[OPE-L:350] Re: Empirical and theoretical Transformation Problem

Paul Cockshott (wpc@clyder.gn.apc.org)
Thu, 26 Oct 1995 14:22:03 -0700

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I don't think Marx was particularly committed to the idea that
competition in fact always equalized profit rates, but he did accept it
as the assumption under which classical political economy tried to
analyze capitalist social relations, so it was important for him to
explain how it fit in with the labor theory of value.

I am sure that you are right here. The source of the hypothesis
would have been the bourgeois political economy of which he was
attempting a critique. But this indicates something about the
theoretical raw materials available to Marx. He used both the
theoretical reflection of capitalist society by its own ideologues,
and also less ideological sources - factory inspectors reports etc.
By virtue of their sources, the components that derive from
political economy are the most suspect of ideological contamination
( the notion of the value creating power of capital).

If the discussion on the list earlier of Marx's order of writing
is right, the material in Vol III is earlier than that in Vol I, and
it is obviously in an unfinished state. It lacks the extensive
factual and historical background material that Vol I has. We
can not necessarily assume, that had he the time to complete Vol III,
substantiating the points in it with more historical data, that he
would have held fast to the presentation of competition in Vol III.
It is begining to look to me as if the prices of production theory
may be an epicycle, but an ill founded one. It is almost as if
on looking up at the heavens we found that the planets display
no retrograde motion, Ptolemy had accepted his Chaldean
sources too uncritically, and that Aristotle was right all along,
the planets are mounted on crystal spheres.

If it turns out to be a robust empirical fact that profits are
proportional to number of workers or the wage bill, that is a fact that
needs theoretical explanation. In particular one would have to explain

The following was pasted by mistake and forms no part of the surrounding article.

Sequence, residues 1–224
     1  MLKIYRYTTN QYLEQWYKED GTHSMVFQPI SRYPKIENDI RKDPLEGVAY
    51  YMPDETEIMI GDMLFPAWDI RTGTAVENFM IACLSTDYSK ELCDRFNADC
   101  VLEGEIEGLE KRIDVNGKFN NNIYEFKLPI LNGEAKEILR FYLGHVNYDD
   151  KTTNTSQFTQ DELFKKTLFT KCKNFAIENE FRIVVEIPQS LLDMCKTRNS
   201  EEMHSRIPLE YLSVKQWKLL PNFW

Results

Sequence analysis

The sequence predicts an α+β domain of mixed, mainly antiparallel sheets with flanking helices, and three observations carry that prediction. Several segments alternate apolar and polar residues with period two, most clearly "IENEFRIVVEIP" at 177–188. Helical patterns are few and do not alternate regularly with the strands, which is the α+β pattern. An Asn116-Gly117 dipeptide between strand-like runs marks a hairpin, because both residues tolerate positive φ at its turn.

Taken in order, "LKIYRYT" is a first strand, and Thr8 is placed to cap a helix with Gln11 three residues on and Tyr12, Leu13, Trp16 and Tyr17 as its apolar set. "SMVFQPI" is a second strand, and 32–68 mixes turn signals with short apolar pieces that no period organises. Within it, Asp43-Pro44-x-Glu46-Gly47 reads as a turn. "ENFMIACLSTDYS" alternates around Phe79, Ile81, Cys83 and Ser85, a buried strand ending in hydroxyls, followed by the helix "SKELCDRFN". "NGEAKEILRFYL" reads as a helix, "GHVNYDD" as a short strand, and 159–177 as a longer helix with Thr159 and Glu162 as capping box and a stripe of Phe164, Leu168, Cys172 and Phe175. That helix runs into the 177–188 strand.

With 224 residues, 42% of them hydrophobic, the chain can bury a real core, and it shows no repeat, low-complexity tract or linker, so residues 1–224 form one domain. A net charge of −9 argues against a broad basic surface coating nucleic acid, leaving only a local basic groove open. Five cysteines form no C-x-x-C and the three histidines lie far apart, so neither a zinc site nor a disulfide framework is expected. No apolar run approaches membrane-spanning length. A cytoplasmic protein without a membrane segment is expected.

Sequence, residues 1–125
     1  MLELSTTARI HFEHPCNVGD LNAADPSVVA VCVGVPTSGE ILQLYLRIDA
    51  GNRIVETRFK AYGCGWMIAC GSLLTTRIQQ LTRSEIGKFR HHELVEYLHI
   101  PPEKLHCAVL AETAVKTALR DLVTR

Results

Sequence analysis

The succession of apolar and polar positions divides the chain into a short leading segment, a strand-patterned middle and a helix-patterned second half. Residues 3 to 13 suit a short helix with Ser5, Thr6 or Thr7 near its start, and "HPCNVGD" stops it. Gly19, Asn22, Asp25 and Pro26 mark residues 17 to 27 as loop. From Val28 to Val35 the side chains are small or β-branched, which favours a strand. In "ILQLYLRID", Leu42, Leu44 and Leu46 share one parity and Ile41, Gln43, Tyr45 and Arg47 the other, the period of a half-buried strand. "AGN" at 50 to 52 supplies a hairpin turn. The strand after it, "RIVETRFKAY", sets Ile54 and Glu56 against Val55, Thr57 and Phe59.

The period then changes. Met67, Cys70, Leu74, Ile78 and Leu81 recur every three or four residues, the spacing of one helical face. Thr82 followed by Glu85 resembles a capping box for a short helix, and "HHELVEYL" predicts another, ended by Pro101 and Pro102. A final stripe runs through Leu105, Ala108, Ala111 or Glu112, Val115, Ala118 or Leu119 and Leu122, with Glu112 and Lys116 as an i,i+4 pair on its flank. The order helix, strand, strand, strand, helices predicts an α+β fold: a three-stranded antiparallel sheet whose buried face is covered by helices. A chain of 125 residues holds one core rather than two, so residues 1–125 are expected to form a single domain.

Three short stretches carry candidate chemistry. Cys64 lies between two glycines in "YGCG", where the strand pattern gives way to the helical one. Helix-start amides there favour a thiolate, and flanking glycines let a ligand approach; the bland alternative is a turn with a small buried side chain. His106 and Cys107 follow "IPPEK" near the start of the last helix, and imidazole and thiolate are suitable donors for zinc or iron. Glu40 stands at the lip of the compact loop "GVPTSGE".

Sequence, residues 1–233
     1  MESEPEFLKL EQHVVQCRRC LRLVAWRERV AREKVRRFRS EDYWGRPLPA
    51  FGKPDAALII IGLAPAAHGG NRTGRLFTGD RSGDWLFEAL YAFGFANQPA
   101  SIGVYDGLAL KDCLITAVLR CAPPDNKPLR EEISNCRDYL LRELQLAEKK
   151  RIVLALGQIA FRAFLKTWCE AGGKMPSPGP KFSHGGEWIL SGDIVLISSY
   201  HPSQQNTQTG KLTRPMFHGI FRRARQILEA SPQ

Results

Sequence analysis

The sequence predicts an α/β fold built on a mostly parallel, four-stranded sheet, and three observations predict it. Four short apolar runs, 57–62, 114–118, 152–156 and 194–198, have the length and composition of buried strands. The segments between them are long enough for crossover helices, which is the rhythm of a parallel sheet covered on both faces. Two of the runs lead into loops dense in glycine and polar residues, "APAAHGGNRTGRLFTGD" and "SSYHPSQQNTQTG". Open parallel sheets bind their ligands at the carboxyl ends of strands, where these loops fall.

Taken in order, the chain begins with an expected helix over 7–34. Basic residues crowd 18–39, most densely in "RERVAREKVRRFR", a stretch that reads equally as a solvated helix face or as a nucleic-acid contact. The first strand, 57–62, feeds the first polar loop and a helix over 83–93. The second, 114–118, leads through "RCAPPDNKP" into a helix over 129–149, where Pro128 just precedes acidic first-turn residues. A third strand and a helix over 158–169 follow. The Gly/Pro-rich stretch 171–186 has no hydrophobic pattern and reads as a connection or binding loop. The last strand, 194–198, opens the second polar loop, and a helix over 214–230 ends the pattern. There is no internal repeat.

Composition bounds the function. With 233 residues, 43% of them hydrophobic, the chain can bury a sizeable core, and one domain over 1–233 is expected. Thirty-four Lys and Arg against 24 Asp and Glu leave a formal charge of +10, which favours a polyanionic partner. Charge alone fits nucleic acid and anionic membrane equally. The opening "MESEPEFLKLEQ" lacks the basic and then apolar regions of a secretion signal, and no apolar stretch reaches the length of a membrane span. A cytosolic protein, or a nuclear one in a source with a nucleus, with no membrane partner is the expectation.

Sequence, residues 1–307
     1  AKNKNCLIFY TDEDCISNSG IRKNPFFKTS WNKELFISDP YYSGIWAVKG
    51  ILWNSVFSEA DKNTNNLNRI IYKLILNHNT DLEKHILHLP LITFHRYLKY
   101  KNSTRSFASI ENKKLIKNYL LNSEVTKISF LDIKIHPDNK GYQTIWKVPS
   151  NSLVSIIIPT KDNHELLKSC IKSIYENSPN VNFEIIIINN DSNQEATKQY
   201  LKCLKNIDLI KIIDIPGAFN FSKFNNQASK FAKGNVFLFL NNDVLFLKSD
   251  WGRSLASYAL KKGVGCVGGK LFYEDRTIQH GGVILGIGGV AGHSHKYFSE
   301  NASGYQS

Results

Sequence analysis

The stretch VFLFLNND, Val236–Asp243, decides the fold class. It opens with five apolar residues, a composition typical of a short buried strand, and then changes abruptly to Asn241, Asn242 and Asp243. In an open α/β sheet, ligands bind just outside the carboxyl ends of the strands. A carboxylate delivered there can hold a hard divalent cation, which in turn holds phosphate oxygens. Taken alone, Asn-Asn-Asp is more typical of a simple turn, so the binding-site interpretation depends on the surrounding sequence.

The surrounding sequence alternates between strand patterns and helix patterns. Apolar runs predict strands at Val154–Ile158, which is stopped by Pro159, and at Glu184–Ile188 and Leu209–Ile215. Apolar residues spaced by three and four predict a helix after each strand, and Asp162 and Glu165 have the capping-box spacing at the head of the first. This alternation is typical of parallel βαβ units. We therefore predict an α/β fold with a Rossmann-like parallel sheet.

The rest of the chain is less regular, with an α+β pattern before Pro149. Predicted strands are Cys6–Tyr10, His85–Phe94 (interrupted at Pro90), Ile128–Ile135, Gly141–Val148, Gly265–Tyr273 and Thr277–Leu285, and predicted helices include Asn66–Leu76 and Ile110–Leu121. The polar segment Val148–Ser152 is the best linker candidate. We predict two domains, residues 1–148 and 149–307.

why competition among capitals doesn't operate to eliminate the resulting
disparities in profit rates.

I agree that we need more work on more economies before this is
a robust result.

As to possible causes, as preliminary hypotheses try:

1. Why should it? One is not obliged to explain the counterfactuals
in false theories.

2. There may be a strong tendancy towards an equalisation of the
rate of surplus value in that workers are in a better position
to win wage rises in industries where manufacturers have a large
margin over wage costs.

3. Much capital is inherently imobile. Even if the rate of profit
in the fast food industry may be higher than in steel production
a steel mill does not lend itself to hamburger production.

4. There is the charge shielding effect, whereby, in the presence
of mobile charge carriers +ve or -ve charges are hidden by
complementary ones. The mobile carriers in this case being the
'capital markets', which obscure the disparities in rates of
profit on real capital by marking up or down the share prices
of the industries concerned. In consequence, the visible rate of
return on capital to rentiers will be the same in all industries,
irrespective of the real rate of return.

5. Industries with high organic compositions will by their very
capital intensity be less flexible, less able to accomodate to
changing market conditions than industries with low organic
compositions, and thus likely to be less profitable.

6. It is only where the organic composition is huge ( as in
electricity production ) that an natural monopoly is formed which
enables the industry concerned to earn an average rate of
return on its real capital.